A British newspaper is reporting that Chinese authorities are banning or tightening controls on performances of sacred classics such as Handel's Messiah and Mozart's Requiem. Even Carmina Burana has fallen under suspicion. (The Rochester Oratorio Society's repertoire came under Chinese scrutiny over the summer. Only a few weeks before the group's trip to China, conductor Eric Townell got an e-mail saying all of the music had to be vetted. His strategy? He sent translations with the word "Lord" spelled with a small "l" in hopes authorities might miss it.) Read the article here.
The most conspicuous performer at the Olympics probably couldn’t run a mile without stopping. The twenty-six year-old Chinese piano star Lang Lang has been prepping for his part in the Games for three years. He played this morning from Beijing on the Today show. And he’ll pop up tomorrow night during the Games’ opening ceremony.
Click here to hear conductor Eric Townell and myself talk about the Rochester Oratorio Society's recent trip to China. The show, recorded August 1st, was hosted by WXXI's Peter Iglinski. It's about 50 minutes long.
As far as I know, members of the Rochester Oratorio Society have either returned home safely from China or set off on independent journeys. One alto flew to Japan to spend time with her husband who’s doing research there. I flew home with a small group of singers. We called ourselves “The Shanghai Thirteen.”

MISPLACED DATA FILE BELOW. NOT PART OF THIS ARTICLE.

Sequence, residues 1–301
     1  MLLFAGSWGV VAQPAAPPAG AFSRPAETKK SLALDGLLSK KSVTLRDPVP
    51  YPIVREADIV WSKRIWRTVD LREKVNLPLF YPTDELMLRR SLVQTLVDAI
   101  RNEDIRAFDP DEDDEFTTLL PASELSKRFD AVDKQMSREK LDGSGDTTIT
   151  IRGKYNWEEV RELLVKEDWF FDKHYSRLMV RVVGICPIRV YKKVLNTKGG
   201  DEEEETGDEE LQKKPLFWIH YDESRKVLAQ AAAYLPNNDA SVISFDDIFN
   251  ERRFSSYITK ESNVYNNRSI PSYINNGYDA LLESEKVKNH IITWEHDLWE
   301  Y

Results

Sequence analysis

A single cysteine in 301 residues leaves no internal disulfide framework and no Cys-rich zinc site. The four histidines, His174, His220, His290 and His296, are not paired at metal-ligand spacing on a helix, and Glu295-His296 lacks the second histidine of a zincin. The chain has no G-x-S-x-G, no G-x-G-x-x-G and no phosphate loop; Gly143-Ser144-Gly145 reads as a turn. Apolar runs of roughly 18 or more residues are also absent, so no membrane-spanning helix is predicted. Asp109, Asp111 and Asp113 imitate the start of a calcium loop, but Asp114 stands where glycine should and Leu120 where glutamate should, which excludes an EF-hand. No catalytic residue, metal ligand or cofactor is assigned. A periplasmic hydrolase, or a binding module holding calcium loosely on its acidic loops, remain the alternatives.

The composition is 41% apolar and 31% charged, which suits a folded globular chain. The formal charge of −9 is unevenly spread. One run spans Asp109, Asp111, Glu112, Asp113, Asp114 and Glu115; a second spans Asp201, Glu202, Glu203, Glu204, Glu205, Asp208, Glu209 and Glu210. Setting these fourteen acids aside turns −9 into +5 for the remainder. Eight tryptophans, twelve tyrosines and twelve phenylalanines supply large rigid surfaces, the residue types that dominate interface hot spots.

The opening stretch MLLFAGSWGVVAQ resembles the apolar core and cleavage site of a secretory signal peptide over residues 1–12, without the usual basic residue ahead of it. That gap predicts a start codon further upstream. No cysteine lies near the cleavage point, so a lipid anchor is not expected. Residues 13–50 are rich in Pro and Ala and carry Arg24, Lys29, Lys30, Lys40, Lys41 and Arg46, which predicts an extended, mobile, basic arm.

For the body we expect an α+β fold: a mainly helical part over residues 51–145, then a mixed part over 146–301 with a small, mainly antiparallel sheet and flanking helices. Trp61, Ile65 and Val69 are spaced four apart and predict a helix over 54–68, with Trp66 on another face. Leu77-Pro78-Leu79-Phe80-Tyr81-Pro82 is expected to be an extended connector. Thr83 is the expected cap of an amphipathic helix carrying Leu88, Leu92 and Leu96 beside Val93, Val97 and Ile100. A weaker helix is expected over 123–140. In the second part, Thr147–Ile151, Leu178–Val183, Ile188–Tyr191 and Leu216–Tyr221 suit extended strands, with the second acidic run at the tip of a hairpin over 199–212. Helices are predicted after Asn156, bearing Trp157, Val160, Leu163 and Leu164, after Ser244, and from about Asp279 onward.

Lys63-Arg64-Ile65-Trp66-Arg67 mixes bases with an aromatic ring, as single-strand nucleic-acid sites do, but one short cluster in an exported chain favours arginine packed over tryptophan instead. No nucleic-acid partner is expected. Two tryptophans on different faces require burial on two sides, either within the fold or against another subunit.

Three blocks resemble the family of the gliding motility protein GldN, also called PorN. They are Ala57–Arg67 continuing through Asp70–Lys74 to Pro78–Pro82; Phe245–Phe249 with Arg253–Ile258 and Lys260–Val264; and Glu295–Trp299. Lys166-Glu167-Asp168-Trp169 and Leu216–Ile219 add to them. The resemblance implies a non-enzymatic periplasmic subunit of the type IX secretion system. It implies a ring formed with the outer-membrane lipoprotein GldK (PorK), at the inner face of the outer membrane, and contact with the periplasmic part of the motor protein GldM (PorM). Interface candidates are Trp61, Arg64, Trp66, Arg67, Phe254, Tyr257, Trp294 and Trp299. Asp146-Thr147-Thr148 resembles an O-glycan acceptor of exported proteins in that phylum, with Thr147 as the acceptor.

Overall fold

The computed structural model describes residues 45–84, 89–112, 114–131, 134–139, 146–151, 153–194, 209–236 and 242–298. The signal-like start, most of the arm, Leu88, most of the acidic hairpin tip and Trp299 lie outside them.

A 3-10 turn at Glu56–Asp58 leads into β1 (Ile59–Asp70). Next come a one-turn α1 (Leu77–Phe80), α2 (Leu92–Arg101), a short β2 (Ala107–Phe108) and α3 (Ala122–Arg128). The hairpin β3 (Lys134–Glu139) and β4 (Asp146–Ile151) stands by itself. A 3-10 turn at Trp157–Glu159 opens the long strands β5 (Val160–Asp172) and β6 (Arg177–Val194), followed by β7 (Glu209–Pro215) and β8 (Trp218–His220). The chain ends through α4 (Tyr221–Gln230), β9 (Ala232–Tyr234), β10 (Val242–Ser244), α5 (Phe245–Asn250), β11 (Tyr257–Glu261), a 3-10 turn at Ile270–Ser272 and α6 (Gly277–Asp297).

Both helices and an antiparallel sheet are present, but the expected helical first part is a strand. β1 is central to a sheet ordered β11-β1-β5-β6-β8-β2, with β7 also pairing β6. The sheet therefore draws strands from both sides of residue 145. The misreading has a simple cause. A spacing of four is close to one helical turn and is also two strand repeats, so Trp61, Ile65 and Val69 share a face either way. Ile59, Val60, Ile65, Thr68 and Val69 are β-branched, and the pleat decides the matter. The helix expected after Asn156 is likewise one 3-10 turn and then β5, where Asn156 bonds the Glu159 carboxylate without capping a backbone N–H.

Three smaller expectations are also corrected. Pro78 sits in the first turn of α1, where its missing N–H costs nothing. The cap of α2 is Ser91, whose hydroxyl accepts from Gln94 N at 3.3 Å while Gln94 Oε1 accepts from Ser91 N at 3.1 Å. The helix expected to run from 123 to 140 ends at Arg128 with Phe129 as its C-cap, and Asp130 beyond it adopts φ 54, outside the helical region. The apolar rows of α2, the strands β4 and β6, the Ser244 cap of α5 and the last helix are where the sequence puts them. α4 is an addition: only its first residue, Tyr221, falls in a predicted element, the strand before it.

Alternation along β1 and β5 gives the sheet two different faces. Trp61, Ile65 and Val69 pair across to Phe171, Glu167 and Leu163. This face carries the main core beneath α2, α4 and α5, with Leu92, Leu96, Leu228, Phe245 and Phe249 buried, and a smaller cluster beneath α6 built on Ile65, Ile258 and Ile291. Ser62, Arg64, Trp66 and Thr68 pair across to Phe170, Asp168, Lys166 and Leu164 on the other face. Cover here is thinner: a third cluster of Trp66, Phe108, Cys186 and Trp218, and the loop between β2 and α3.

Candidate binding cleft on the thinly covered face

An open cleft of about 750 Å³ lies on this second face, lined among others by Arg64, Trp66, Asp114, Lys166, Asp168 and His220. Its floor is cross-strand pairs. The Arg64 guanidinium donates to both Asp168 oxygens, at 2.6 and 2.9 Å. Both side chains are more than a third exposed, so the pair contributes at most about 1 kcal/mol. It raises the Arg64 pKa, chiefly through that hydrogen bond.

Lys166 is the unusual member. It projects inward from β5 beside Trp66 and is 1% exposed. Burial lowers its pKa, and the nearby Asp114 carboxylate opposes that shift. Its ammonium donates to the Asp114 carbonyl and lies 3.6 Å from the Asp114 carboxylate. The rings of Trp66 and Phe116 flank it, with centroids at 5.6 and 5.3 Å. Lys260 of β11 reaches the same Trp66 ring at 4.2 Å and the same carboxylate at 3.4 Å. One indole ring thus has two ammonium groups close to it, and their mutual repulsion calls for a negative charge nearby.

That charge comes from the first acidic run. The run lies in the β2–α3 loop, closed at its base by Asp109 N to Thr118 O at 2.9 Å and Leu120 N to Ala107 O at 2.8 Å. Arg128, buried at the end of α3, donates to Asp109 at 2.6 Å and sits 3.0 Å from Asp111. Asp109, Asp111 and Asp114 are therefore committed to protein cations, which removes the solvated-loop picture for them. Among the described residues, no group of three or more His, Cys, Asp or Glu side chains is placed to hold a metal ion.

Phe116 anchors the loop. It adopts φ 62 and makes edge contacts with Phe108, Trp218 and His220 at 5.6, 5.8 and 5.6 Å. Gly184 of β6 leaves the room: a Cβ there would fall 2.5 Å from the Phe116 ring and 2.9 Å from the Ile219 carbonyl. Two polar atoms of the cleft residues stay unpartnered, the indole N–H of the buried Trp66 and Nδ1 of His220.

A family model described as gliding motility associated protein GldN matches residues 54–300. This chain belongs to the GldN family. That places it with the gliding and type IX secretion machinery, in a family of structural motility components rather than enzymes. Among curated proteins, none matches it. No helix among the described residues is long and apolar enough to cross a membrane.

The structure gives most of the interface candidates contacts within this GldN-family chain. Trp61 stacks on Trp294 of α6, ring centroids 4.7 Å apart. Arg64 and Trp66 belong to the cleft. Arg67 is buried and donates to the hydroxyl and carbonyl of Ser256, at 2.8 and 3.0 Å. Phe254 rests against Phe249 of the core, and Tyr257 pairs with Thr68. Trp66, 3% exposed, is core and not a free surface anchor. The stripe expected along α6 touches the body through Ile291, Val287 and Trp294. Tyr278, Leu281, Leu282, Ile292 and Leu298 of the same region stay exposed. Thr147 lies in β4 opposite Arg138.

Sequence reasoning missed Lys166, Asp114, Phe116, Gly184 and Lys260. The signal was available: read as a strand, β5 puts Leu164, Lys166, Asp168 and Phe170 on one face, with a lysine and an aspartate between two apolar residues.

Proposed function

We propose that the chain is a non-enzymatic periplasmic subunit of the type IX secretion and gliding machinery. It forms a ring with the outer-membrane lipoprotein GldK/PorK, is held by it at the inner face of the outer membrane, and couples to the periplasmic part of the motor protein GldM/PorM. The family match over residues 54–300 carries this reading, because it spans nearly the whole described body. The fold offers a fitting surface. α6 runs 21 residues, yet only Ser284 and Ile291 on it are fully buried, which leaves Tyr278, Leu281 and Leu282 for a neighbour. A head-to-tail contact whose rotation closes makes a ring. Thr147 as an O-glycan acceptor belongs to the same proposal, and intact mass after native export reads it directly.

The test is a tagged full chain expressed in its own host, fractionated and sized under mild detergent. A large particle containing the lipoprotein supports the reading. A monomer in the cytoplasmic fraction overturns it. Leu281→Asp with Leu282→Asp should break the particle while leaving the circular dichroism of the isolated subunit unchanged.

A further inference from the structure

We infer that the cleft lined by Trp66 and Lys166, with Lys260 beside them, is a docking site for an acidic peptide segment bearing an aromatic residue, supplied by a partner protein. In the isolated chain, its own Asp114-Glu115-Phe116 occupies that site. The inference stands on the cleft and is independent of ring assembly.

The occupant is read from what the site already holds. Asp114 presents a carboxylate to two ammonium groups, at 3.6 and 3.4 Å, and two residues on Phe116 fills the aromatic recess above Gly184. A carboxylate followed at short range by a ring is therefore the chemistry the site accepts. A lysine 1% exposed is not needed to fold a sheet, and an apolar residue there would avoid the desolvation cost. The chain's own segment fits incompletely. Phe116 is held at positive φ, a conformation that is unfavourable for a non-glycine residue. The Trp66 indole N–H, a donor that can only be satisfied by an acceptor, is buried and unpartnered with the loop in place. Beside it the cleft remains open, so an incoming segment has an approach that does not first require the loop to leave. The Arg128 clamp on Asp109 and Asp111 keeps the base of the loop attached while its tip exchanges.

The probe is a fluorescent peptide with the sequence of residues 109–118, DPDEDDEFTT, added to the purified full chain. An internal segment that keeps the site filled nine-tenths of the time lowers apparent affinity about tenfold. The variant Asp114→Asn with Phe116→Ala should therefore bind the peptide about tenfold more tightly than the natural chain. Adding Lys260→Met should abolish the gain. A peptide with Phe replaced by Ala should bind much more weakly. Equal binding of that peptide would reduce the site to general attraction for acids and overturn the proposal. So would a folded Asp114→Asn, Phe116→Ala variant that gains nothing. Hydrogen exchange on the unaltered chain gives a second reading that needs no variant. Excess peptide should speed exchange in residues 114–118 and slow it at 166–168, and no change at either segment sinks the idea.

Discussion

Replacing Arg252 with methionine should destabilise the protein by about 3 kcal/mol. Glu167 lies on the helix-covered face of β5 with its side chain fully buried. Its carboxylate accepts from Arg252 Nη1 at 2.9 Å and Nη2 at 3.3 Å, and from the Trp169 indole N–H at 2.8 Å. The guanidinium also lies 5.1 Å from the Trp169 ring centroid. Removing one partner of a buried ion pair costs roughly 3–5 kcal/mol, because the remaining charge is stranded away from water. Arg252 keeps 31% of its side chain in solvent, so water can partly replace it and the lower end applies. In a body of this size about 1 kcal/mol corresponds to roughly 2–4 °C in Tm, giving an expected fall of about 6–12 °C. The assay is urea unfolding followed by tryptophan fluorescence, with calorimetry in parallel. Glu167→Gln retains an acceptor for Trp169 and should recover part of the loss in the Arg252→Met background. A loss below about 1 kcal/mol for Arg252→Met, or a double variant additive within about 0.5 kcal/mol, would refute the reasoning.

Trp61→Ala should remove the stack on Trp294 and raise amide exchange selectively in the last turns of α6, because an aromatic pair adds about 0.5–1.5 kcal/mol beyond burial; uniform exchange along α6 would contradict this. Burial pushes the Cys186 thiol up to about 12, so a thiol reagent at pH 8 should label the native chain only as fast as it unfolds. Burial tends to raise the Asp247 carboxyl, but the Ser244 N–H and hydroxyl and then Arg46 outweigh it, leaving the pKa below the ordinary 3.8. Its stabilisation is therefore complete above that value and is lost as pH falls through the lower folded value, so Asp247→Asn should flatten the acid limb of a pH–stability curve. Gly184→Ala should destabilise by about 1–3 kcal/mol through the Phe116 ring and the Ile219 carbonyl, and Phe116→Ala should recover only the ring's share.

If you’ve been following this blog, you may recall that I experienced a moment of irrational fear before leaving the States. I remembered it while I was in China and laughed at myself.
Click on the attachment below to hear the first run-through of "Flying Petals," a Chinese song. The Rochester Oratorio Society is singing in rehearsal here with the Shanghai Symphonic Choir at the Shanghai Conservatory. The soloist is a member of ROS. At the end, you'll hear a burst of spontaneous applause.
After two days in Shanghai, I asked members of the Rochester Oratorio Society and their family members,
"What's the difference between Beijing and Shanghai?"
"[Shanghai] is a little more sophisticated and a little more grungy, altogether." - Jackie
"First, Shanghai's more cosmopolitan, don't you think? People dress in a more stylish way. And the other thing is this: it's WAY hotter. It feels like a sauna and a steam bath in the sun."